President Barack Obama

WASHINGTON — President Obama on Monday admitted to staunch opposition from organized labor toward the Trans-Pacific Partnership and said he would have to cobble together a bipartisan coalition, including GOP leadership, to get the trade pact passed.

Speaking to a group of the nation’s governors at the White House, Obama said he has repeatedly tried to make the case to unions and labor groups about the benefits of TPP, but recognizes he still doesn’t have their support.

“Labor unions — and I am a big labor guy — are not happy with me on this,” Obama said. “They disagree with me because they have memories of this weakening of the manufacturing base in America [linked to past trade deals]. No matter how much I indicate that the facts show this will improve the position of American workers and we will slowly raise labor standards overseas as a consequence, they are adamant in their opposition, which means in order to get this passed through Congress, we will have to depend on a set of strong pro-trade Democrats who recognize the importance of trade to their economies and their…constituents, and Republicans who, historically at least, have been in favor of the free market and free trade.”

He said that none of the criticism leveled at TPP has shown “how we’re better off than the current status quo,” where countries maintain high tariffs on many U.S. exports.

Trade ministers signed the TPP earlier this month. It includes the U.S., Australia, Japan, Mexico, Canada, Vietnam, Malaysia, Peru, Singapore, Chile, Brunei and New Zealand and aims to remove barriers to trade to encompass nearly 40 percent of the world’s gross domestic product if enacted.

“What they argue against is old trade deals,” Obama told the governors. “I keep on explaining to them. ‘Look, I can’t do anything about what may have happened…years ago, but I can do something about what is going on right now.'”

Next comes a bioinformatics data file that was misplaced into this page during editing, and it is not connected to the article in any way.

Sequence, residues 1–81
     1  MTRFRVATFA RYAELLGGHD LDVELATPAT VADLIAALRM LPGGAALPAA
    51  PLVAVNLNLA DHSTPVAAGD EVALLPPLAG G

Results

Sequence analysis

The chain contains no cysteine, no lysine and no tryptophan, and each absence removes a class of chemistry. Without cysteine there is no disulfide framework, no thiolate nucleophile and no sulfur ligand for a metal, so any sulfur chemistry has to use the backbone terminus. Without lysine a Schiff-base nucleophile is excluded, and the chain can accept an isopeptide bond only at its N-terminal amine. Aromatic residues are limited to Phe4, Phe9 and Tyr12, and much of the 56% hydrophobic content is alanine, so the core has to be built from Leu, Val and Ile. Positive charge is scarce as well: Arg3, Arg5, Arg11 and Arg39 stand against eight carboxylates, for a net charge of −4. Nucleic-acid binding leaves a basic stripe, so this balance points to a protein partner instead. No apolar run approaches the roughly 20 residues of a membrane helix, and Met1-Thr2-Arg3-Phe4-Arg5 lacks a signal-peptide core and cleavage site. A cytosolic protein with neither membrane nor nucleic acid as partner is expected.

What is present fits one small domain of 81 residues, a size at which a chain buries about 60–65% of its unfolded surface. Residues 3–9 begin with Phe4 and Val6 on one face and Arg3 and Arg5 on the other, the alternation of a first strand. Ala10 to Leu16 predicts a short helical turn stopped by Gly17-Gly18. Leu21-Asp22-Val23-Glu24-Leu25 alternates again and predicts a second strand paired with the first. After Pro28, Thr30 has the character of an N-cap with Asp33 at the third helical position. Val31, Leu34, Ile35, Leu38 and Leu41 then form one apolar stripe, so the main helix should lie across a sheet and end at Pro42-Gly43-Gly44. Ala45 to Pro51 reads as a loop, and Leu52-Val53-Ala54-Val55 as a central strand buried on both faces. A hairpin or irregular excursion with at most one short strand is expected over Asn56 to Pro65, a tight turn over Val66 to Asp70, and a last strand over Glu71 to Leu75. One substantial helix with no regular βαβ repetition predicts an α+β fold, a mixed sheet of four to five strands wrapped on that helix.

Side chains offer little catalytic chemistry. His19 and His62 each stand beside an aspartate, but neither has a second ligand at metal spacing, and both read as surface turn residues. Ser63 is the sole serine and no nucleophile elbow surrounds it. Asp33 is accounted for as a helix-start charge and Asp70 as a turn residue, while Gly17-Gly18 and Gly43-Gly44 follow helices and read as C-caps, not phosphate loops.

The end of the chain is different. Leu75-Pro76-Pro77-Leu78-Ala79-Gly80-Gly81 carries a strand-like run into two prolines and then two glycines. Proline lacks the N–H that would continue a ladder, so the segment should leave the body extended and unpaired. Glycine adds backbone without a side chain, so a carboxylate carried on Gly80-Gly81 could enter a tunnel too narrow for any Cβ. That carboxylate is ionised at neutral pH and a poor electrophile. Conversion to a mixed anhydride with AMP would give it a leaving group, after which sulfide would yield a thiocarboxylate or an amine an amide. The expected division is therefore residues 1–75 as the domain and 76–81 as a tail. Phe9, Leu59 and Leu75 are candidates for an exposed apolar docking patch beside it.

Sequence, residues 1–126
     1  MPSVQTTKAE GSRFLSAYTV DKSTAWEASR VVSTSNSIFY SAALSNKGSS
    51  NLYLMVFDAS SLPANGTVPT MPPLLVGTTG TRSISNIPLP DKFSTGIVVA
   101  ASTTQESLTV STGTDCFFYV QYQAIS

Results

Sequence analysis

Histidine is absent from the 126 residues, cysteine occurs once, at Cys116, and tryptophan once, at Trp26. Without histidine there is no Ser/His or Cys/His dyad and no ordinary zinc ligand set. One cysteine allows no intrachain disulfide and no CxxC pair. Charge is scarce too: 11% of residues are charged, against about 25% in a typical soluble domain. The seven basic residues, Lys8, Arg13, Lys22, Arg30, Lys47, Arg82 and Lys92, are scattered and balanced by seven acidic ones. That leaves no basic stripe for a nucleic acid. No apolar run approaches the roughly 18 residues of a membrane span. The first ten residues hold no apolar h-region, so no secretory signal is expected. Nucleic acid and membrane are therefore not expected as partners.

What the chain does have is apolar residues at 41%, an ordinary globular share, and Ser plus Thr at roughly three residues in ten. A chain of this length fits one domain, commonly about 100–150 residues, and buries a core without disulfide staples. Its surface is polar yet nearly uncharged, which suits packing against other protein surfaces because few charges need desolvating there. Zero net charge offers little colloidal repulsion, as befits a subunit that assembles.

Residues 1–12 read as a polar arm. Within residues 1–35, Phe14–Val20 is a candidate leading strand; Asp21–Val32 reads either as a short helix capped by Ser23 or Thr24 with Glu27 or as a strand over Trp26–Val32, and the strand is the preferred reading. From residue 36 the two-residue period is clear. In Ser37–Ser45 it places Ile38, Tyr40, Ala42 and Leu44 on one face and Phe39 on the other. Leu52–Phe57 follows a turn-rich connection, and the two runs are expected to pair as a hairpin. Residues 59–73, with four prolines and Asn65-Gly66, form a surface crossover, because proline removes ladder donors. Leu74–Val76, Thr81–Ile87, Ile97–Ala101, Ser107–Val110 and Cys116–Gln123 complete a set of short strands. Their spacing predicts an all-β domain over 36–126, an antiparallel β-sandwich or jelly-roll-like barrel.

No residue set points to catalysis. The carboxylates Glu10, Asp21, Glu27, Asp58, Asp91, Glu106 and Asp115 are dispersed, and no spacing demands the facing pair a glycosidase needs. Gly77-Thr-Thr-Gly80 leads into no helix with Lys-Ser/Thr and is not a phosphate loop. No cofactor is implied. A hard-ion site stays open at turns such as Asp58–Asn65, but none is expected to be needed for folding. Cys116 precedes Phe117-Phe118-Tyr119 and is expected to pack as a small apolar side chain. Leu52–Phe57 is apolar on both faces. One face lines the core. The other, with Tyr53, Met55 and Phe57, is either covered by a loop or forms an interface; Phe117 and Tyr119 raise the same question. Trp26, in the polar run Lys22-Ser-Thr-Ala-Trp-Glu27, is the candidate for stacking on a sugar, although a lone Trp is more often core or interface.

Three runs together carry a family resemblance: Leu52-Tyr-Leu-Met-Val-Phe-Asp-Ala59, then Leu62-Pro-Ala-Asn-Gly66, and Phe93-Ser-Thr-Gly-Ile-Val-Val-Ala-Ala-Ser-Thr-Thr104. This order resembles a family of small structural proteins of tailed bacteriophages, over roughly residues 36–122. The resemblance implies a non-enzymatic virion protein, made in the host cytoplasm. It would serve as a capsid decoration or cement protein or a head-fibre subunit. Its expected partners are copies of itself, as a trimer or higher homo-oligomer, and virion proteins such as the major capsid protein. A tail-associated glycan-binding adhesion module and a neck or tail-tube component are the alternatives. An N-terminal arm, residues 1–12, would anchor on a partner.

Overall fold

Obama added that TPP strengthens labor and environmental protections for Mexico and Canada beyond what is contained in the North American Free Trade Agreement, a deal that unions strongly opposed more than 20 years ago.

Criticism and concerns about TPP raised by leaders and presidential candidates from both parties have also become hurdles.

“With respect to tobacco, we said very explicitly in this trade deal that any country that regulates tobacco is not somehow violating the trade agreement as long as it’s done fairly, as long as they are not discriminating against American tobacco companies versus their own or those of other countries, but as a public health matter they can regulate tobacco,” he said. “That raises sensitivities in Kentucky.”

The comment was directed at Senate Majority Leader Mitch McConnell (R., Ky.), who has raised concerns about the tobacco provisions in TPP.

“I am cautiously optimistic that we can still get it done,” Obama added. “Leader McConnell and Speaker [Paul] Ryan both have been supportive of this trade deal. They’ve had some concerns along the margins on the trade deal.”

In addition, Obama said, “The presidential campaigns have created some noise and roiled things a little within the Republican party, as well as within the Democratic party. I think we should just have a good, solid healthy debate about it.”

He said the administration plans to send implementing legislation on TPP to Congress this year.

“My hope is that we can get the votes,” Obama said. “It is inconceivable if you are for example, you are in California, that you don’t want a Trans-Pacific Partnership that ensures the gateway for commerce in the Pacific is open to California business and workers for decades to come. It’s inconceivable that you would be opposed to that.”

He questioned criticism of TPP by longshoremen in California and used it as another example that is heating up the debate on the trade deal.

“Where do you think your jobs are coming from? It’s from moving stuff off those containers onto trucks and rail to fan out all across the country. This creates jobs for you,” Obama said. “That gives you some sense of some of the emotions that sometimes are blocking this up.”

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